The Lithuanian devil is never evil. The Lithuanian devil, as portrayed in thousands of folk tales, is rather mischievous, faun-like, an elf who likes fun, helps people out, then gets into trouble for it. Simply put: he has a weakness for people. In Lithuanian homes, it means luck and happiness to have many sculpted little devils around the place.
— 

Jonas Mekas, I Had Nowhere To Go

@this-isnt-your-captain-speaking <3 X

Appalachian Witch Initiation

An excerpt taken from Hubert J. Davis’ The Silver Bullet, and Other American Witch Stories

“Liz then said, "This is whut the Devil wants the most: promise you won’t never preach no more, nor go to a ‘ligious meetin. Then effen you git to be a witch, promise to do ennything you can to keep your pappy frum preachin’ agin witches. Now, hit ain’t a goin’ to be easy, and I 'low you mought have to try more'n onct afore you git in. Whatever happens, you have to foller 'structions zactly.”

Jonas promised, “Yep, Liz. I’ll do zactly whut I’m told to do.”

So, following instructions, at midnight he sneaked into his father’s field and stole one of the black rams. He killed it and cut off its left horn, hiding the rest of the carcass in the woods.

The next day being Sunday, he got a boy to steal a silver coin out of the collection plate of his father’s church. He melted down the coin and made it into a silver bullet, which he put to soak in toad’s blood. He also went to Gladeville where he bought a pewter plate. Next, he scoured the hills until he found a spring whose stream flowed directly east.

He then waited until Friday the thirteenth and returned to the spring as the morning turned gray over the ridge. He dipped some water from the spring with his ram’s horn and poured it over the pewter plate. He did this seven times and repeated the verses Liz had taught him:

As I dip the water with a ram’s horn,
Cast me cruel with a heart of thorn,
As I now the Devil do my soul lease.

I renounce Christ as my Savior,
And promise the Devil my behavior
'Til my life on earth will cease.

May my black and evil soul be
Of Christian love and grace free
As this plate is of grease.

And effen I become an evil crone
From my outer skin to inner bone,
I’ll never given any Christian peace.

Rain and shine, for eight mornings, Jonas came to the spring and repeated this ritual. On the ninth morning, he was supposed to become a witch and he took his gun and the silver bullet with him. He shot the bullet toward the sun as it came up over the ridge. They had told him that if the sun looked as if it were dripping blood as it came up, then he would be a witch. Jonas thought it did, and started home.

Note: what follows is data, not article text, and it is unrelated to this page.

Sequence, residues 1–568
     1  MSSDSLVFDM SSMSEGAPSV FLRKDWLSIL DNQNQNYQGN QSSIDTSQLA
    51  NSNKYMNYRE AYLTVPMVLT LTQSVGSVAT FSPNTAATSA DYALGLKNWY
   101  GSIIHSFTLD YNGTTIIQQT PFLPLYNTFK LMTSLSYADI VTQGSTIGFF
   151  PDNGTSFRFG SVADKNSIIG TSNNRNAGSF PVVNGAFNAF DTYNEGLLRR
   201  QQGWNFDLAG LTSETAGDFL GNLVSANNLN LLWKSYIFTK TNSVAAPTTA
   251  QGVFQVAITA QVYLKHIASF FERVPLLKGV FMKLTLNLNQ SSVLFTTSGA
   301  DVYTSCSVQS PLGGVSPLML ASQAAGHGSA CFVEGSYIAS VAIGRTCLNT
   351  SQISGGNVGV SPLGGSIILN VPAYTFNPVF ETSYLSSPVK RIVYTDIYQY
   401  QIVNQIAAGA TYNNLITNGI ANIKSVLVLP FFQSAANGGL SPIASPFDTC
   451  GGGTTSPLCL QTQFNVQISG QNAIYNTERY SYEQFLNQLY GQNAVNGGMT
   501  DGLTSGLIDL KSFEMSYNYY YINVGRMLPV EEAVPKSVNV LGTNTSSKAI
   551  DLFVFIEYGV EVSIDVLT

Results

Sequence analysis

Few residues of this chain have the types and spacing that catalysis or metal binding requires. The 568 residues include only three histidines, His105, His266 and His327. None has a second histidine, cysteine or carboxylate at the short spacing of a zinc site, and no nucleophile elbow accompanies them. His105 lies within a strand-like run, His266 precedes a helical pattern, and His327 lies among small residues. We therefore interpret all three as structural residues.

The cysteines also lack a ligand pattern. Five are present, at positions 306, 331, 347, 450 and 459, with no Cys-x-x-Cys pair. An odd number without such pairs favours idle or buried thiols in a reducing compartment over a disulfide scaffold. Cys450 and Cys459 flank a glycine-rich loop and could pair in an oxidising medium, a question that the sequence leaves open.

He had also been told that if he had become a witch, he would find a toad waiting for him when he got home which would be his familiar spirit or “imp.” But, there was no toad near the door, look as he might. This meant he hadn’t passed, and he’d have to do this all over again the next Friday the thirteenth.

The second time, there was till no familiar waiting, either. But Jonas was stubborn, and he tried a third time before he became a conjure man. This took him two full years, but he said it was worth the time and trouble. Liz told him that it took so long because of the preachers in his family.“

Collected by James Taylor Adams, Big Laurel, Wise County, Virginia, May 17, 1939. Told to him by his grandfather, Spencer Adams. It was Spencer Adam’s son, James Taylor’s uncle, who became the witch. Spencer Adams, his father, and his grandfather were all hardshell Baptist Preachers.

anonymous asked:

Why're folks giving the little devil such a hard time for having a decent appetite? He could be eating souls instead! If it saves my soul from getting put on the menu, I say let the little guy have all the desserts he wants. Have a pie on me, chief. *slips a tenner down the bar counter*

“Thanks for the tenner.”- Bendy

Fic Prompts: Folklore Friday

They appear at your door in the middle of the night: two bedraggled children who claim their parents intentionally lost them in the woods. You take them in, feed them, give them a place to stay.
But you never said it was freely given.
Favors for favors. Always read the fine print.
It’s how you ended up trapped in this cottage, and now it’s how you’re going to escape.

The girl looks like she could learn magic in a pinch. Let her guard this hellish house a while.